Nominations are now open for the 2022 Cheryl Frank Memorial Prize. Nominations should be made to the IACR General Secretary, Catherine Hastings, email@example.com by 31 May, 2022.
The Cheryl Frank Memorial Prize is awarded annually for a book that constitutes, motivates or exemplifies the best and/or most innovative writing in or about the tradition of critical realism, in the previous year. The winner is invited to give the annual Cheryl Frank Memorial Lecture at the 2023 IACR Annual Conference or some other suitable venue. If the Author wishes, the lecture will be considered for publication in Journal of Critical Realism.
This year’s Cheryl Frank Award Committee are Ross Morrow (Chair), Monica Kjørstad and Karin Zotzmann.
Cheryl Lynn Frank (1946-2010) was an American scholar and activist. Born on August 1, 1946 in Illinois, she married and had two children; was active in the civil rights movement, participating in Martin Luther King’s march in Selma, Alabama and later established the first domestic violence shelter in the USA (in Champaign, Illinois); she worked as a policy analyst at the state level, as a journalist, editor and freelance writer. She took master degrees in politics and journalism, did extensive research on the position of women and native Americans in the twentieth century and completed extensive doctoral work in cultural studies and mass communication. She became however increasingly dissatisfied with the dominant positivist and poststructuralist methodologies, and at the same time increasingly interested in spiritual issues.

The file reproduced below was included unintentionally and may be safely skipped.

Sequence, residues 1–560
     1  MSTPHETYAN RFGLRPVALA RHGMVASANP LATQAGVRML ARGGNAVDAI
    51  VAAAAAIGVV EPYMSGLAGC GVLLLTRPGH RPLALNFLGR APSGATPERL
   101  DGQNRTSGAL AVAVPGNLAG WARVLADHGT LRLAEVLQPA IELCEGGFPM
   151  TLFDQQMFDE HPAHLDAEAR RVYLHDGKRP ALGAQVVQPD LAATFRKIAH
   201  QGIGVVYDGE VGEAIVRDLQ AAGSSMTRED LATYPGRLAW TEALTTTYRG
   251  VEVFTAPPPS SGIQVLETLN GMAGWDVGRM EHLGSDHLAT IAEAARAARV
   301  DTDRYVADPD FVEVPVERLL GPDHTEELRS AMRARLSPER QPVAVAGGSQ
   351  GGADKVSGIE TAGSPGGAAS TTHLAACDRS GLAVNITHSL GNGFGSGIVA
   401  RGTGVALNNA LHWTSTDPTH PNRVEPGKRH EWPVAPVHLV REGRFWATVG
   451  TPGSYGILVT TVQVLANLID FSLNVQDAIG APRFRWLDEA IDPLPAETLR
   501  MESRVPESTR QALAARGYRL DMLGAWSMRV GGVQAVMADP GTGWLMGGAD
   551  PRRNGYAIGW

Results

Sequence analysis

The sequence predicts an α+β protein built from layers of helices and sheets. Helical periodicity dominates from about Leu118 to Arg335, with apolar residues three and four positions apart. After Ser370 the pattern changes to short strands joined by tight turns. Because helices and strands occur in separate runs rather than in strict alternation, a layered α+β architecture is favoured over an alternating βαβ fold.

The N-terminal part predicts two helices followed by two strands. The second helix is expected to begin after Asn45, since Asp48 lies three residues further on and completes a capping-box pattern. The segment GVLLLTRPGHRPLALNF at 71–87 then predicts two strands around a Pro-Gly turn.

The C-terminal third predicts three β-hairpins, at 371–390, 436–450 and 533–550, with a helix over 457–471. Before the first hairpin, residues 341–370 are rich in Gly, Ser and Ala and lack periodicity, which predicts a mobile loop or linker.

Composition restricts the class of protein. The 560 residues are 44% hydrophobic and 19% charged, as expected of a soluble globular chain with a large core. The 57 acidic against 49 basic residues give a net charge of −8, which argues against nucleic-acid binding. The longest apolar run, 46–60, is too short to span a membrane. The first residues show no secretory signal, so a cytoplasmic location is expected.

In November 2002 she met Roy Bhaskar at a meeting of the Foundation of Light (of which she was President) in Ithaca, New York. They corresponded and she joined him in London in February 2003. From then on she was his lover, partner and inseparable companion, and became utterly devoted to his well-being and to the cause of critical realism and the philosophy of metaReality, throwing herself into this work. She died after a short illness on January 22, 2010, leaving, besides Roy, her two children and three grandchildren. Her only published work in critical realism is an essay in Interdisciplinarity and Climate Change (which she co-edited with Roy and others); but she made a huge contribution, assisting Roy in his work, and to the movement and to her many friends within it. The collection of essays, Critical Realism and Spirituality, edited by Mervyn Hartwig and Jamie Morgan, is dedicated to her memory.